The Archbishop of Canterbury, the Most Rev Justin Welby, uses London buses and has spoken of how he has to go to the gatehouse of Lambeth Palace to collect his takeaway pizzas.
The next chief rabbi, Ephraim Mirvis, has gone even further and renounced a central London home altogether.
Mirvis, who takes over from Lord Sacks in September, has made clear that he does not want to live at the chief rabbi’s spacious, grace-and-favour home in Hamilton Terrace, St John’s Wood, which is worth an estimated £10 million.
Instead, he and his wife, Valerie, will live in Hendon, the northern suburb close to his current house in Finchley. “Many prominent members of the Jewish community don’t think it is appropriate to have the chief rabbi residing in the suburbs,” complains one worshipper.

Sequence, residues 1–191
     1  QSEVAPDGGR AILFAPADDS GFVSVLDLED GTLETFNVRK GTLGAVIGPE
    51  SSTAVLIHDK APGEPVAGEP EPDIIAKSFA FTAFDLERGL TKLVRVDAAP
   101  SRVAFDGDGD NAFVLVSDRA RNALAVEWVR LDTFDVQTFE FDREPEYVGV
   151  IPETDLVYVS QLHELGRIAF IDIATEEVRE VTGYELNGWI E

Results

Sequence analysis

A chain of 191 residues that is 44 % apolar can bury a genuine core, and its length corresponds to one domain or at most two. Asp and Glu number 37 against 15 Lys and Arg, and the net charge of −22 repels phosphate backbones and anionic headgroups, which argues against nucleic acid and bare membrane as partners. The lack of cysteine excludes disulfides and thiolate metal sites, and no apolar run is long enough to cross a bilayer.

By way of response to this dissatisfaction, the United Synagogue announced that a reception and other meeting rooms would be provided for Rabbi Mirvis in the West End by the Central Synagogue.
Mandrake hears that the rabbi was offered a palatial flat, with ample entertaining space, in Great Cumberland Place, on the premises owned by Western Marble Arch Synagogue, but he turned it down.
Mirvis was rabbi at Western Marble Arch Synagogue, whose congregation includes Gerald Ronson, the tycoon and ex-jailbird, and David Buchler, the former vice-chairman of Tottenham Hotspur, from 1992 until 1996. The synagogue’s board chose not to renew his contract.